Taking moments like this, whether engaging in a mindfulness technique, being in nature, or enjoying some other activity that carries you into a timeless zone, can strengthen your wabi-sabi mindset. Coming back you may feel refreshed and more present to enjoy the simple beauty that surrounds you.
I was introduced to the concept of wabi-sabi in the book, “Wabi-Sabi Love: The Ancient Art of Finding Love in Imperfect Relationships, “ by Arielle Ford. The author adapted this ancient Japanese aesthetic to contemporary life. She offers ways for creating more loving relationships by turning conflict into compassion. (You can learn more about the author and her book at www.wabisabilove.com.)
The mind-set of wabi-sabi is generally developed incorporating inanimate objects into our indoor and outdoor environments, as well as in observing those around us. Yet this mindset can also be brought into our relationships with people whose minds, like ours, are filled with stories, emotions, and feelings bubbling below the surface. The more intimate our relationships, the easier it is to discover another’s faults and imperfections.
According to Arielle Ford, the wabi-sabi approach to relationships encourages us to “learn to accept, embrace and even find the gift of your partner’s imperfections…finding the perfection in all that is imperfect within them.”
Arielle notes that research has revealed that “the happiest couples focus on what’s right and not what’s wrong.” The greater the expectation placed upon them, the better people are likely to perform. I remember once reading that every audience wants a speaker to succeed. This helped me to develop a more compassionate listening style, overlooking a speaker’s imperfections, while also overcoming my earlier fears of public speaking.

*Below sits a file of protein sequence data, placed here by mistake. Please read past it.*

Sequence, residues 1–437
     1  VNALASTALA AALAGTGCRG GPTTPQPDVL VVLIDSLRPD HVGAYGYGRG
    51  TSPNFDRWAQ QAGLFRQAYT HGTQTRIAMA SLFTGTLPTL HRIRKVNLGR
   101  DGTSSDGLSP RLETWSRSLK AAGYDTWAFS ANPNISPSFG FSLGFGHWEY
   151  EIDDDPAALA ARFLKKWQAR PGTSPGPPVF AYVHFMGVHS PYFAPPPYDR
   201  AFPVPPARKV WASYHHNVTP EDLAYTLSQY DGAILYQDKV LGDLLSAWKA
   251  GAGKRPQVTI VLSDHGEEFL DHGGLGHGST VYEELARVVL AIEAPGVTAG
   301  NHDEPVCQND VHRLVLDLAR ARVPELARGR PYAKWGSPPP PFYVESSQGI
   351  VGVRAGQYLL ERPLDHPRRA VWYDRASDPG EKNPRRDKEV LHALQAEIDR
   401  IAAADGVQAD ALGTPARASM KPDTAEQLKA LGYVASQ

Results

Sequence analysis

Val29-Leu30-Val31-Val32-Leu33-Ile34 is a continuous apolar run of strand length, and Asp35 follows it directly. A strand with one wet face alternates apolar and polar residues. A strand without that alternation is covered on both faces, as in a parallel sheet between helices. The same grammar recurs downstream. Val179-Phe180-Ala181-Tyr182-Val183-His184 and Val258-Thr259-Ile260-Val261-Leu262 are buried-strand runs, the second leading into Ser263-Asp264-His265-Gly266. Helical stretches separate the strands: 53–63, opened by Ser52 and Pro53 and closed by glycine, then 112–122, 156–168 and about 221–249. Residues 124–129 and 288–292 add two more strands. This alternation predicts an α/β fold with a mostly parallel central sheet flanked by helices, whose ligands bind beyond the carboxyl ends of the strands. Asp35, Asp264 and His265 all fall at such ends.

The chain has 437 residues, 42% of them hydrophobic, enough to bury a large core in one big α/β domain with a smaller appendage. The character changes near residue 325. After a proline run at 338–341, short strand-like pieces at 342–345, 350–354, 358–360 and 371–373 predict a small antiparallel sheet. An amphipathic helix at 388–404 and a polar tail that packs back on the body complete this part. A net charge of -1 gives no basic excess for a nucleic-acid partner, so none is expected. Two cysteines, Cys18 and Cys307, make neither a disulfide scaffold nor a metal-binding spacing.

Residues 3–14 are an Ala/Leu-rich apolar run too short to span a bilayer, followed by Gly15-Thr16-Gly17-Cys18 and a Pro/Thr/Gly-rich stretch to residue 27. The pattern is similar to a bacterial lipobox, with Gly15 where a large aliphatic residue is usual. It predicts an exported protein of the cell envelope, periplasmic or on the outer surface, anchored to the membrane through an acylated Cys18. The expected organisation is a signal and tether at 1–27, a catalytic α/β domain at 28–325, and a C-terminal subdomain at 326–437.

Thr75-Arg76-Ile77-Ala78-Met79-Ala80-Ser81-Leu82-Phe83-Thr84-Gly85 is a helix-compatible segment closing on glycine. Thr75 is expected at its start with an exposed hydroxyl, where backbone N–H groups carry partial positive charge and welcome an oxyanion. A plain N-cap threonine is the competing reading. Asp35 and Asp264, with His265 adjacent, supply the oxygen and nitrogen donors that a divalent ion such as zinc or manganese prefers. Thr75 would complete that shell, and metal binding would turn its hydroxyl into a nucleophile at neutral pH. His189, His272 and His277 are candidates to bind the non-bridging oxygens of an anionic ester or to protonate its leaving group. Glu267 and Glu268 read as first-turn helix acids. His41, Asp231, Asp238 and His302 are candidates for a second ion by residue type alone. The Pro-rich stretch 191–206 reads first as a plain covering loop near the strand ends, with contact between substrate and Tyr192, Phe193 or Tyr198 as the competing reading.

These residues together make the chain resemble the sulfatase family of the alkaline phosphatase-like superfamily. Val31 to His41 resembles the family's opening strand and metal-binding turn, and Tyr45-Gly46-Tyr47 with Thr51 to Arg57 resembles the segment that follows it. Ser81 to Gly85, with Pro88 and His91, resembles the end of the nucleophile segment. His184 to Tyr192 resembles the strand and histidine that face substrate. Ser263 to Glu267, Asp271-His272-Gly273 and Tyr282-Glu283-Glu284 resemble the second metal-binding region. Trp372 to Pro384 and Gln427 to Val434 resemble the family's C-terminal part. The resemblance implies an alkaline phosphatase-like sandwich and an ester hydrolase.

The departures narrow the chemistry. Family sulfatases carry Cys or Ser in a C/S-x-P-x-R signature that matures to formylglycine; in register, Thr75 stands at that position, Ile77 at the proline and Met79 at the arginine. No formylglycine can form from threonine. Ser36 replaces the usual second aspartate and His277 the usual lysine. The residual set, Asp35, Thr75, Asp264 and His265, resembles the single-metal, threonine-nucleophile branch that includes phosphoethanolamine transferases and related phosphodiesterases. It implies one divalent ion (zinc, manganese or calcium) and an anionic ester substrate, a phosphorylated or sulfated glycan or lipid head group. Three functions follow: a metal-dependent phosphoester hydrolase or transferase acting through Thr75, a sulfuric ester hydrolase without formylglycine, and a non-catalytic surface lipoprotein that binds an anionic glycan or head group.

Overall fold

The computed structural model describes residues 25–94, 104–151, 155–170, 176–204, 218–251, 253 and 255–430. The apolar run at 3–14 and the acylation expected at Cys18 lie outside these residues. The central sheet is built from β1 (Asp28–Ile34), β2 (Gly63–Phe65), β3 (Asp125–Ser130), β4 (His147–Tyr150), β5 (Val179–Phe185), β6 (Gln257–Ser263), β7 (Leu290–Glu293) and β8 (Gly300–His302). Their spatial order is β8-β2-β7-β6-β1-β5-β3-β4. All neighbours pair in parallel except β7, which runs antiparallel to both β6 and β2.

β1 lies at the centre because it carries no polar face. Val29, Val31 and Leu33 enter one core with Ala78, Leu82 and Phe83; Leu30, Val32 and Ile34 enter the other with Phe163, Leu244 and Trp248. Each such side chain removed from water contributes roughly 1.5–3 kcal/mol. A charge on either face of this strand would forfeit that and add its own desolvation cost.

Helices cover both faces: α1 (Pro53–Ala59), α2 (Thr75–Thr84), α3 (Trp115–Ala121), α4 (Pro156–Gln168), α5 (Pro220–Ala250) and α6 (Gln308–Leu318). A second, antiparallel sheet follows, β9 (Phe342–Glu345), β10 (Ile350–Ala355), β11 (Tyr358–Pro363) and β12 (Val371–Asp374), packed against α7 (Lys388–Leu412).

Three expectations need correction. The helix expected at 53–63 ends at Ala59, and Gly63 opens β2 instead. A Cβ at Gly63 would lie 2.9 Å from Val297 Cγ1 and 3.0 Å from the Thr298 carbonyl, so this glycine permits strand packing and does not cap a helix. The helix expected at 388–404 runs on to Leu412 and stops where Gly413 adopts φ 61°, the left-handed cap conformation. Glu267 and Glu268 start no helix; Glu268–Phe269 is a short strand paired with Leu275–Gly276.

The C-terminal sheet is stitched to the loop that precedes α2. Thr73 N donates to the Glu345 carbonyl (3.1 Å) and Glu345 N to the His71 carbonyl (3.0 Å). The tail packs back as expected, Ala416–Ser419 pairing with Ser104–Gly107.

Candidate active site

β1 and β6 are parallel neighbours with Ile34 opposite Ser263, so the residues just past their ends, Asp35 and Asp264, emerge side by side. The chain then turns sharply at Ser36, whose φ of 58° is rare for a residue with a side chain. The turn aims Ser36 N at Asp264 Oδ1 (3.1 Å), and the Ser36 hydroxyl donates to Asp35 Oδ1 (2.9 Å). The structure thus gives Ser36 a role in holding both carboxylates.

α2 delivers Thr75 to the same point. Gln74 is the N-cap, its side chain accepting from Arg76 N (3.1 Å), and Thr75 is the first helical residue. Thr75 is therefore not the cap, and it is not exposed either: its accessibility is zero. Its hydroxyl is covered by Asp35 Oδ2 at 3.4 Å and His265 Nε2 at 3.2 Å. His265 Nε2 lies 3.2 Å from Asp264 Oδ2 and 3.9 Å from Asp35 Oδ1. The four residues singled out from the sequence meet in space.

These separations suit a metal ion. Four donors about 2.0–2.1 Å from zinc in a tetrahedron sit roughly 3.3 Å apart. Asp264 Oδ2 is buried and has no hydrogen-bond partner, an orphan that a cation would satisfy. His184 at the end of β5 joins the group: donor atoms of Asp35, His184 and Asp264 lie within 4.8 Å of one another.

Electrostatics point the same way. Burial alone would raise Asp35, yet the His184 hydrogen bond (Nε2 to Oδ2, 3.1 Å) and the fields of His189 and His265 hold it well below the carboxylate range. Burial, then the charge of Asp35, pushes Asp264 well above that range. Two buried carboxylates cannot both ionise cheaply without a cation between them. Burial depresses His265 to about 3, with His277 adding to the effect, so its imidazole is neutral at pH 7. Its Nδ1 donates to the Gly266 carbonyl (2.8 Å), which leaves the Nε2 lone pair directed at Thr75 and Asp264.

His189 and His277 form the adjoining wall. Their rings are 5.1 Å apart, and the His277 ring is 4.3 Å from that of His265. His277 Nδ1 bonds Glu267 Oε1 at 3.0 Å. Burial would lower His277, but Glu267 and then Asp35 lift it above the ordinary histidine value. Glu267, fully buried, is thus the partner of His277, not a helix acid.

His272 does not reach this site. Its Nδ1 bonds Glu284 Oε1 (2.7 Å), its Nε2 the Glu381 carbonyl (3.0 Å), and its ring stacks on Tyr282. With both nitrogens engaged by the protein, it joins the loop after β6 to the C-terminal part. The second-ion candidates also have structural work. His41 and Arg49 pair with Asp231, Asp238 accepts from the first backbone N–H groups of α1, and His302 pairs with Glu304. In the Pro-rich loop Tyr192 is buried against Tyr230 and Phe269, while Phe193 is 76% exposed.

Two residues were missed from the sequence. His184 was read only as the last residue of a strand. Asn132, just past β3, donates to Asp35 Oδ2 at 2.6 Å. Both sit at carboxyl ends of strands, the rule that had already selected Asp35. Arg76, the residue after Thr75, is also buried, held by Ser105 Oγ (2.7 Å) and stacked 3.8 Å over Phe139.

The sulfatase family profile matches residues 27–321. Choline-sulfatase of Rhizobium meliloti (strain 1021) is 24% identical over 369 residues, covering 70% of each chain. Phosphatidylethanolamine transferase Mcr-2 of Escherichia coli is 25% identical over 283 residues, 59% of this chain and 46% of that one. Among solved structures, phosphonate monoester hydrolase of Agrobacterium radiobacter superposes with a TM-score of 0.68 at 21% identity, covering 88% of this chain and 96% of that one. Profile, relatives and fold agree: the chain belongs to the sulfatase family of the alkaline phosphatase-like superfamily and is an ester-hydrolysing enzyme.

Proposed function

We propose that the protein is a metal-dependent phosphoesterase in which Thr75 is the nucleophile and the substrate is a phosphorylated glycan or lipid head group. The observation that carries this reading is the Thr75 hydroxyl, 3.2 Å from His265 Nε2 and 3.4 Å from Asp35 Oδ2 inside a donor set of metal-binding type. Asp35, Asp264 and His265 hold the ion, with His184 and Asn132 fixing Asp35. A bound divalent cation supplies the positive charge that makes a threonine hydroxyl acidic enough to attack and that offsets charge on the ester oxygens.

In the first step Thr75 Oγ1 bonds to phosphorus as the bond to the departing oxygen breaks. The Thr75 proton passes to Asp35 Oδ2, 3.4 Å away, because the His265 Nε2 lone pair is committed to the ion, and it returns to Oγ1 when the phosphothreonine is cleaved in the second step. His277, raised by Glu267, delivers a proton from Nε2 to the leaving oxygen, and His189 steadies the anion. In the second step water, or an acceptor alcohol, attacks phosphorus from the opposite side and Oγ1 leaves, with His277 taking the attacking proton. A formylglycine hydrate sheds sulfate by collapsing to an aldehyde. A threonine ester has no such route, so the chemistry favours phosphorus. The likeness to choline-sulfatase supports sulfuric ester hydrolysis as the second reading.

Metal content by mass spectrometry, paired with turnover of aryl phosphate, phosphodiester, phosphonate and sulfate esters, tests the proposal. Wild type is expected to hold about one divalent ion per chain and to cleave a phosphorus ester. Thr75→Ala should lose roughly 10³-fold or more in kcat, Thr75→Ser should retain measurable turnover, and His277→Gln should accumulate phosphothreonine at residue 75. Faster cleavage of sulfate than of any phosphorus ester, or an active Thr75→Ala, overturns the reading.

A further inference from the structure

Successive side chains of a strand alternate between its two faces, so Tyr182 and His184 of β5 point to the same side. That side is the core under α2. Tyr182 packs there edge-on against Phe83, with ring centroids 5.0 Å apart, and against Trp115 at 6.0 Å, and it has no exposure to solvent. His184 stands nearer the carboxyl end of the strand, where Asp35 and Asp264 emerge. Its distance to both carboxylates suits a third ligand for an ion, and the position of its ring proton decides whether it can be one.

Connecting on a heartfelt level with your partner enlivens love and compassion for one another. One way to do this is with regular, long, heart-to-heart embraces. Instead of those short hugs we generally give to family and friends, consider connecting more deeply with long hugs.
One of the things I love about dancing Argentine tango is the heart-to-heart connection in dancing closely with my partners. While each may have their personal quirks and imperfections (as I know I do), I strive to respond perfectly, with compassion, to their lead.
Finding beauty in endings
I found a very moving blog on Arielle Ford’s website. She shared how she coped with the dying of her beloved sister, Debbie, who suffered from an incurable form of cancer. Debbie Ford was a gifted coach, teacher, and writer who overcame adversities of darkness to help liberate others. Arielle questioned how she could find pleasure and beauty even in Debbie’s departure. Yet she knew she had to embrace the approach to life she herself was putting out into the world.
Arielle wrote, “While there were many moments of soul-wrenching grief, sadness, and tears, there were equal moments of lightness and laughter…[A] part of me rejoiced in being able to spend this precious time with her – to love her, and hold her, and be there during this extraordinary moment in her life.”
Honoring the ancient aesthetic of wabi-sabi, a Japanese museum might display a beautiful vase with a light shining on its cracked side of a vase – or the crack might be painted with gold leaf. This is know as the art of Kintsugi. As singer-song writer Leonard Cohen’s song “Anthem” affirms, “There is a crack in everything. That’s how the light gets in.”
Living the wabi-sabi way invites us to change our perceptions about how we participate in life. It gives us the choice of carrying our own burdens of years with dignity and grace. It summons us to live more deeply and compassionately in the moment–with our senses. When we can truly value imperfection and live deeply, we create a world filled with beauty and joy. Are you ready to live the wabi-sabi way?